Researchers have identified events inside insulin-producing pancreatic cells that set the stage for a neonatal form of non-autoimmune type 1 diabetes, and may play a role in type 2 diabetes as well.
The study from the University of Michigan scientists has pointed a potential target for drugs to protect normally functioning proteins essential for producing insulin.
The study shows that certain insulin gene mutations involved in neonatal diabetes cause a portion of the proinsulin proteins in the pancreas' beta cells to misfold.
Proinsulin proteins are the precursors of insulin, which the body needs to regulate blood sugar levels.
Crucially, the misfolded mutant proteins cause normal proinsulin proteins in beta cells to misfold as well, the scientists found in studies of mouse and rat beta cells.
"Once the 'good' proinsulin turns 'bad,' it cannot be made into insulin and so the beta cells, and then the whole animal, become insulin deficient. The insulin deficiency causes diabetes and from there, things get worse and worse," said Peter Arvan, the study's senior author.
"In all diabetes, beta cells don't perform to the level needed.
"It's possible that the beta cell failure of type 2 diabetes also has a critical protein folding component.
"The question is, can you reach a point in ordinary diabetes where misfolding causes the problem we have identified?" he said.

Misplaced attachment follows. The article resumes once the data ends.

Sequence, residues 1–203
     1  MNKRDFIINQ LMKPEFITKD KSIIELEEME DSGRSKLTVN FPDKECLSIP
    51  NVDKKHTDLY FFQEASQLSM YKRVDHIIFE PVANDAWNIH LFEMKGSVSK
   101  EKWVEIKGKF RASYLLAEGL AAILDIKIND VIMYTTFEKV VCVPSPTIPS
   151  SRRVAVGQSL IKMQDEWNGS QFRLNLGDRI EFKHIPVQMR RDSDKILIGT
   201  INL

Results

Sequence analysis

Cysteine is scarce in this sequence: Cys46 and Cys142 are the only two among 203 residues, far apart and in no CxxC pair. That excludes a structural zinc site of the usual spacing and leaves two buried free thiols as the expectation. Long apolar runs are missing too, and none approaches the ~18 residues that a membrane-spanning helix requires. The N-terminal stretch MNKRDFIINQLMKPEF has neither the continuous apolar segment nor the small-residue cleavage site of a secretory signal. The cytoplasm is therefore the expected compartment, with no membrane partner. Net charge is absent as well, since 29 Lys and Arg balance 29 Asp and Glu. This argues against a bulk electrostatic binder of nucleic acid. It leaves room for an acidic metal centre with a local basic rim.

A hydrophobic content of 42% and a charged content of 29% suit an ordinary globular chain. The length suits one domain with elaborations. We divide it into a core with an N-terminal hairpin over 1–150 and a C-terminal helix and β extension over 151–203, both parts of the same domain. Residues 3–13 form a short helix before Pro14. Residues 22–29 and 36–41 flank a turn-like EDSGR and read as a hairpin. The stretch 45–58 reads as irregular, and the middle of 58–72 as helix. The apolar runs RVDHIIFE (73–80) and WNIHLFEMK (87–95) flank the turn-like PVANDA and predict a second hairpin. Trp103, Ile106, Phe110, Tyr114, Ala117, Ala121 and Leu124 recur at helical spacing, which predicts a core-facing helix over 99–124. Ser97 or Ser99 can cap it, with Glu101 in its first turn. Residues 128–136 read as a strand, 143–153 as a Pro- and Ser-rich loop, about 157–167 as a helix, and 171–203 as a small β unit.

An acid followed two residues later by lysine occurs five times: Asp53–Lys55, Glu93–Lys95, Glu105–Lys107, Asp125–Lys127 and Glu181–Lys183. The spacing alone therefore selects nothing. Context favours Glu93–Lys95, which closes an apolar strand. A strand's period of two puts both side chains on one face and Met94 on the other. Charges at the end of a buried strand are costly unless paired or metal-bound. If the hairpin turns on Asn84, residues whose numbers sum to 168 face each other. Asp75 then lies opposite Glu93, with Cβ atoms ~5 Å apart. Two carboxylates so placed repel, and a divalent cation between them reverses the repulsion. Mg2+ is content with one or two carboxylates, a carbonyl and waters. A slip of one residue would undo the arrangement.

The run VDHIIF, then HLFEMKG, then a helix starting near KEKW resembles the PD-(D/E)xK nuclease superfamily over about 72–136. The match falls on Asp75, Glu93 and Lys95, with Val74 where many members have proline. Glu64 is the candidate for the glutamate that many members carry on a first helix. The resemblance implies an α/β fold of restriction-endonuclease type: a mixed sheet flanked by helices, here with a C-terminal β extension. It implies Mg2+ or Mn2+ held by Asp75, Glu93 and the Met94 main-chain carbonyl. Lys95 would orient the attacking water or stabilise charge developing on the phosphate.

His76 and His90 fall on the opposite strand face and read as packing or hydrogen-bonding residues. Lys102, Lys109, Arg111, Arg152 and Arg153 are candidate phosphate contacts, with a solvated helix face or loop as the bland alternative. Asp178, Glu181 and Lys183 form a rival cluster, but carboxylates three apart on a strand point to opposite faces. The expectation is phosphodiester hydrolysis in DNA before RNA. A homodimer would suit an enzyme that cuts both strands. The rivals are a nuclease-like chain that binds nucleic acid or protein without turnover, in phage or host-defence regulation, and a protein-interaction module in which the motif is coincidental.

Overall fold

In lab dish cultures of normal rat and mice beta cells, the scientists introduced single gene mutations known to be involved in various types of neonatal diabetes.
They consistently found that misfolding occurred in normal proinsulin protein when mutant proinsulin protein was present. They also observed the same aberrant events in the pancreatic beta cells of Akita mice, a mouse model with the same mutation that occurs in a human family with neonatal diabetes.
Protein folding is a phenomenon that has drawn a lot of recent attention from scientists who believe it plays a role in several common diseases.
Diabetes researchers currently lack a clear picture of why beta cells in the pancreas fail in diabetes. Many researchers look at stress and the stress response from the beta cells' endoplasmic reticulum or ER, a structure that transports materials within the cell. Stress in this structure occurs in diabetes, along with reduced beta cell mass.
The study found that each of the mutations examined led to ER stress and the ER stress response in beta cells, but that these ER events alone could not block insulin production in normal beta cells and do not appear to be the origin of the insulin deficiency.
They hypothesize that protein misfolding events first block insulin production and cause insulin deficiency, leading to diabetes.
The findings were published online in the journal PLoS One.